An Arutz Sheva report
Lotan was born four months premature – her family spent six months in the intensive care unit with her, and after two months she suffered oxygen deprivation, leaving her with cerebral palsy and a lifelong battle for normalcy.
“All along, they warned us that she wouldn’t walk, wouldn’t dance,” relates her mother. “But all along I insisted, ‘Yes, you will!’”
Not only did Lotan succeed in walking – now through the Special in Uniform program she has fulfilled her dream of enlisting in the IDF like her peers and doing her part to defend the Jewish state.
Lotan’s dream of joining the army began in her senior year in high school when IDF officials visited her school to speak to the students.
Parents, teachers and friends gently tried to dissuade her from her dream so she wouldn’t get hurt, and her parents even went with her to army registration where a doctor determined that she was exempt from army service.
But Lotan’s heart was set, and she said, “I want to serve in army. I want to wear a uniform!”
Her strength of will led her to meet the directors of Special in Uniform, which was developed ten years ago by Maj. Col. (res.) Ariel Almog, former commander of the HFC base in Ramleh.
“‘We’re with you, Lotan. We’ll escort you through this,’ they promised my daughter. It was then that I really began to believe that one day she would serve in the army,” recalls her mother.
With Special in Uniform’s help, Lotan was able to achieve her dream. “It was such a moving experience to see her in uniform. I’m so proud of her. It was a major victory!,” said her mother.
Joining the army, joining society
The groundbreaking initiative of the IDF incorporates young people with disabilities into the army, emphasizes their abilities and skills and helps them in the long-term to integrate into society and the workforce.
Several years ago, Special in Uniform joined forces with Israel’s Lend a Hand to the Special Child Foundation, a grassroots organization established in 2005 by parents of children with disabilities that operates in partnership with the Jewish National Fund (JNF).
They work together to spread awareness of the program so that the thousands of youth eligible for the program can learn of its existence.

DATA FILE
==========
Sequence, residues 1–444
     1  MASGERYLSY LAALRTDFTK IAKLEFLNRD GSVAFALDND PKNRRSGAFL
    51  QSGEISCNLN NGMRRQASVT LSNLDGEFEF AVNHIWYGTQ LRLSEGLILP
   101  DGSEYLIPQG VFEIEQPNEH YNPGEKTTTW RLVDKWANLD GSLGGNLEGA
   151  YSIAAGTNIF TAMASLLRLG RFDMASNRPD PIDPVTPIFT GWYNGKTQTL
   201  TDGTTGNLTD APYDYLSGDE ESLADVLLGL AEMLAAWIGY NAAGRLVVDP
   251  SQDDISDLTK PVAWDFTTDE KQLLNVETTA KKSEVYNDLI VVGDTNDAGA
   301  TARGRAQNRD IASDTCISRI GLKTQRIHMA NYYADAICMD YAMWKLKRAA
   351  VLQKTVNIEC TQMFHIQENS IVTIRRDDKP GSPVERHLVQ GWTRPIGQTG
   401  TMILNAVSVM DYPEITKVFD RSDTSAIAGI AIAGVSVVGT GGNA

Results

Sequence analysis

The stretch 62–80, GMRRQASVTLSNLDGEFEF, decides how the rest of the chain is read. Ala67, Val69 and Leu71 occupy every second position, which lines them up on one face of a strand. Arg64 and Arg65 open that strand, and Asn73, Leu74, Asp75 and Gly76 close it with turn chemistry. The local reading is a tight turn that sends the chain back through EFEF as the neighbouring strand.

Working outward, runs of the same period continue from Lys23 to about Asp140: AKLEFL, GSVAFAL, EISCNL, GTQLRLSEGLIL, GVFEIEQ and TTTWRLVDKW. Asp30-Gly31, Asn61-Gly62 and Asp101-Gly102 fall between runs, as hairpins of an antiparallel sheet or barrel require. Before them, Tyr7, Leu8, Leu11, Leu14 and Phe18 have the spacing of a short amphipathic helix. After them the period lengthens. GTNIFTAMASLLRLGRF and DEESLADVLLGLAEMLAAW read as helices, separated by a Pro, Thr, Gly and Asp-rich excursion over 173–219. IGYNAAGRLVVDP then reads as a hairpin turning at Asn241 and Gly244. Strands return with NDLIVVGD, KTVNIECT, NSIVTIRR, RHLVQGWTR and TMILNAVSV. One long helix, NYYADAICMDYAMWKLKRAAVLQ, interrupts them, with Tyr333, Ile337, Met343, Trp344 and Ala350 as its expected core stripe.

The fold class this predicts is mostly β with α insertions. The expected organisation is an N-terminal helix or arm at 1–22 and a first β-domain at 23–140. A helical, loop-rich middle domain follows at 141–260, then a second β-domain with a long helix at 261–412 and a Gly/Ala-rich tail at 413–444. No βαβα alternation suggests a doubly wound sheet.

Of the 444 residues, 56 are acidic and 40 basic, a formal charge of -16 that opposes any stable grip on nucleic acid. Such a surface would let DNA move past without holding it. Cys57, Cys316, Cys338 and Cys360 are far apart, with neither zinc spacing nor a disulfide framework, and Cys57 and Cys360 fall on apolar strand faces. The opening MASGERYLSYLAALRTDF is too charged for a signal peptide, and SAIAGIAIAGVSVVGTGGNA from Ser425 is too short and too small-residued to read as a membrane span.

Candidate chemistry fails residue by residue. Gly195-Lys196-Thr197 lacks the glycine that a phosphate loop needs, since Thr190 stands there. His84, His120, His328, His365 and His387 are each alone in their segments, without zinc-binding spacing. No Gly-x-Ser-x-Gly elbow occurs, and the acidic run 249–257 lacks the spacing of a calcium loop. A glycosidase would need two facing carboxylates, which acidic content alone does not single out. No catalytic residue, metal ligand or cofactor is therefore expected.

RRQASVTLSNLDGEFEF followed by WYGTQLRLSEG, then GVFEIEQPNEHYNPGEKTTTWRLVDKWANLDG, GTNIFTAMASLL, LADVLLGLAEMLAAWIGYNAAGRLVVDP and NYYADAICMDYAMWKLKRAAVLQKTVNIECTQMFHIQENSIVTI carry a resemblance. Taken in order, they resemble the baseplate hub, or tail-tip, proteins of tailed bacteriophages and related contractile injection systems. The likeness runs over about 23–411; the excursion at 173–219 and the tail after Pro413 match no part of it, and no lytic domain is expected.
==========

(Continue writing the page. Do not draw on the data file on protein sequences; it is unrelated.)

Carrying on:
“The Special in Uniform program starts in the army, but doesn’t end there. We clearly see how it afterwards effects better integration into society, community and the workforce,” explained Executive Director of Lend a Hand Rabbi Mendy Belinitzki.
Currently Special in Uniform incorporates over 200 special needs youth in the army, in an initiative contributing to the IDF and Israeli society by fostering acceptance and diversity.
An evaluation and assessment by a professional team kicks off the Special in Uniform program, followed by a three-month course on life skills and occupational skills training.
Participants then go through a ten-day basic training program to launch their military service, and then are integrated into a number of functions including preparing protective kits, manning emergency depots, a military store, printing shop, kitchen, shredding mill and more.
“The(se children) were in special education schools…suddenly they reach the age when everyone else joins the army, but the gates are closed. They can’t join. This program allows them to join the army, contribute, and give from themselves. Just like everyone else,” said Lt. Col. (res.) Tiran Attia, director of the program.
With 230 participants and a long waiting list, Special in Uniform’s vision is to quickly expand the program to encompass 1,000 enrolled participants.
Source: Arutz Sheva